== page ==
Defendant brought a motion for summary judgment on the jurisdictional issue. Plaintiff brought a cross-motion for partial summary judgment also addressing the issue of subject matter jurisdiction. On September 26, 1988, the Court heard oral argument by counsel on the motions. Having duly considered the parties' motion papers, the declarations, exhibits, and depositions submitted with the summary judgment motions, and the oral argument of counsel, the Court hereby GRANTS defendant's motion, and dismisses the instant action for lack of subject matter jurisdiction pursuant to Rule 12(b) (1) of the Federal Rules of Civil Procedure.
I. BARGAINING HISTORY
In April of 1979, Egg City and the UFW executed the first in a series of collective bargaining agreements. These agreements were renewed until the parties' January 29, 1984 through September 1, 1985, Agreement expired. The agreements contained a Recognition clause wherein the UFW was recognized "as the sole exclusive bargaining agent representing all of the Company's agricultural employees (hereinafter called "workers") in the unit set forth in Agricultural Labor Relations Board's certification in case number 75-RC-21-M." Art. 1, Subdiv. A. The agreements also contained a Successor clause which bound a sucessor owner to the terms of the agreement. Art. 42.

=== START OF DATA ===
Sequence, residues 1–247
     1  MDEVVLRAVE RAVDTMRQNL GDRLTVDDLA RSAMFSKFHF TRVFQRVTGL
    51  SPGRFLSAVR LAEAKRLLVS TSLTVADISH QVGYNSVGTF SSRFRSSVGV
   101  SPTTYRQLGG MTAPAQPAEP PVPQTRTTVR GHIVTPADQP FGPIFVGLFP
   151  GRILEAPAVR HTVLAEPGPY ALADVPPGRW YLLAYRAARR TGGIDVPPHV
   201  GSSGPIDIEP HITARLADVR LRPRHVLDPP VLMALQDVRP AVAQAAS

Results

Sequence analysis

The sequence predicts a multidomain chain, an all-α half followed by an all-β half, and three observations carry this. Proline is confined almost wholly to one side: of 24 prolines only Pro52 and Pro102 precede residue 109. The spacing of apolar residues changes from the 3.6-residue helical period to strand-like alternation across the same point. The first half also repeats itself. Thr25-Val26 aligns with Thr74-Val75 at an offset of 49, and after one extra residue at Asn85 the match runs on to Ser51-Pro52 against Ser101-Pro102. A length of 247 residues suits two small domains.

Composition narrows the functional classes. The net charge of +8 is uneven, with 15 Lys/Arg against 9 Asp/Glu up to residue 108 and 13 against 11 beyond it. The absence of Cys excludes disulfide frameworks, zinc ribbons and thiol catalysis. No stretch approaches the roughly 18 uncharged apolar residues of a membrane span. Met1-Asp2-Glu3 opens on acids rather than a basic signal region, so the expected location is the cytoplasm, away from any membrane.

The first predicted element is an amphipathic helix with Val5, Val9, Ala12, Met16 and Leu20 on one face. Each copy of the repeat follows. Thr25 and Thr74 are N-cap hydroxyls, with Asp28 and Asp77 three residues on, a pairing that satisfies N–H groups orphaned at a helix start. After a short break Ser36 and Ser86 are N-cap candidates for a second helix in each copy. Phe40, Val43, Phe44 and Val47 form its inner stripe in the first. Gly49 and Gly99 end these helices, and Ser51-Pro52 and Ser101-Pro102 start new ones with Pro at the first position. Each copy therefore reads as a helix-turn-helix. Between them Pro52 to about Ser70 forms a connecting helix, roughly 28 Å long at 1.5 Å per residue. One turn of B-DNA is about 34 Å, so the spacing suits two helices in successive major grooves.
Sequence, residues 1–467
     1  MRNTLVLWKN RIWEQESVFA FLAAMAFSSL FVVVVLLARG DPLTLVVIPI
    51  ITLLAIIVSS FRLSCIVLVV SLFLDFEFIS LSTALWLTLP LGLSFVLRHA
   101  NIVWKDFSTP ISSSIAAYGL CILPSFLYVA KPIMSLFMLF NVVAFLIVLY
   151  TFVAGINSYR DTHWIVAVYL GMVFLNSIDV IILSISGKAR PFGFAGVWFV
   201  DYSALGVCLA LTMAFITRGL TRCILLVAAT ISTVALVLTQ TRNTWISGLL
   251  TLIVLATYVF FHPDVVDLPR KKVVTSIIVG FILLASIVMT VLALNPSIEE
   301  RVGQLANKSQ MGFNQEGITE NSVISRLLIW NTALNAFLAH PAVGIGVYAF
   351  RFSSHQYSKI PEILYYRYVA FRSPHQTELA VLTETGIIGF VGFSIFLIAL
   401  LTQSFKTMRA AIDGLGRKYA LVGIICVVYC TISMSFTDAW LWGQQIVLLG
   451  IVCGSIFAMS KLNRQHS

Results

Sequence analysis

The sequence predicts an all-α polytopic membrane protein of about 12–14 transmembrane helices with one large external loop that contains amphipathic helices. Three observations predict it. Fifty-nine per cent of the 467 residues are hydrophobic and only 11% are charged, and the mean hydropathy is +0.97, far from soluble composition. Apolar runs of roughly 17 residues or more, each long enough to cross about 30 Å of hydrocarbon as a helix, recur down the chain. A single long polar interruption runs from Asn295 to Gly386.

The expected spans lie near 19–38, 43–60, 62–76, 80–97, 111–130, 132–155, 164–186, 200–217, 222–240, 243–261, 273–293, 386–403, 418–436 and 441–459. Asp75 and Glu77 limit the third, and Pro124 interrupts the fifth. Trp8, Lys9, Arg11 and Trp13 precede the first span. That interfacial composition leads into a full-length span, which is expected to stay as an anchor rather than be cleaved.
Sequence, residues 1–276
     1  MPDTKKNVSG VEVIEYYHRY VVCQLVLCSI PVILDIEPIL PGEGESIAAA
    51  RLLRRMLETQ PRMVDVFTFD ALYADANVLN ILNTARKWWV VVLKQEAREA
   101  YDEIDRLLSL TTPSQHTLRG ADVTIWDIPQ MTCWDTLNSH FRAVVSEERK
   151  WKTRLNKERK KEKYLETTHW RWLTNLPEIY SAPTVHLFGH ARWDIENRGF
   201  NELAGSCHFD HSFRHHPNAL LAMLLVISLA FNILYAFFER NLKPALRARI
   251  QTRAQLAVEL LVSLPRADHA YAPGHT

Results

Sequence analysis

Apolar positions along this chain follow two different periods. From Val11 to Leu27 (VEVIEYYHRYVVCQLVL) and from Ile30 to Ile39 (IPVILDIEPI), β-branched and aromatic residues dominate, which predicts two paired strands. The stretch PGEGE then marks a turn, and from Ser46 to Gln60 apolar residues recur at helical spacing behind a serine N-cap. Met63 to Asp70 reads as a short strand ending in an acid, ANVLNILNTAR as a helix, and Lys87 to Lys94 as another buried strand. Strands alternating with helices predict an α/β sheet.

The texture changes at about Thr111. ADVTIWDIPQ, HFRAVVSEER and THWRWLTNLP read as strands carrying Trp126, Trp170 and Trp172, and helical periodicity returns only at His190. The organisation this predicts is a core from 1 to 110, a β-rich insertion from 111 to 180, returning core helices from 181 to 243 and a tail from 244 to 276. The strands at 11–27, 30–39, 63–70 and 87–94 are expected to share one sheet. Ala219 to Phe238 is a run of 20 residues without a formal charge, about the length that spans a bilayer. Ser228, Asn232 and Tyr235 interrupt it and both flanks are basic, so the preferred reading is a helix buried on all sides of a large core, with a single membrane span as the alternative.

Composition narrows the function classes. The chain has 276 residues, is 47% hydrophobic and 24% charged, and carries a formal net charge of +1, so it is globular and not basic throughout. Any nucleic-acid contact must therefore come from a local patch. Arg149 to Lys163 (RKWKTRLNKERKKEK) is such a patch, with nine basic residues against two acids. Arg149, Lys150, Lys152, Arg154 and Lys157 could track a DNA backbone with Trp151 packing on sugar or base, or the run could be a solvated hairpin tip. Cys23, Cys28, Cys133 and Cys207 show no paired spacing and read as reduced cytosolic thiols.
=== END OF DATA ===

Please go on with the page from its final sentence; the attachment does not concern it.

Plaintiff purchased the Egg City operation from its predecessor owner, the Kroger Company, on May 31, 1985. As part of the purchase agreement, plaintiff agreed to assume the terms of the Collective Bargaining Agreement between the UFW and Egg City then in effect and due to expire on or about September 1, 1985.
Shortly after the purchase of Egg City, the parties began negotiations toward a renewed agreement. On August 15, 1985, the UFW submitted its first written proposal, proposing, inter alia, no change in the Recognition clause. On August 26, 1985, Egg City submitted a counter-proposal and therein agreed to retain the Recognition clause. No renewed agreement was reached during the August negotiations, and the existing agreement expired by its own terms on September 1, 1985. Thereafter, the parties entered into a thirty day "Interim Agreement," dated September 19, 1985, reinstating some of the terms of the expired agreement until the parties reached a new agreement or a bargaining impasse. The parties conducted numerous negotiation meetings and exchanged numerous contract proposals through September of 1986, however, no new agreement was *1321 reached. Throughout the negotiations, Egg City at no time proposed a change in the Recognition clause of the expired agreement.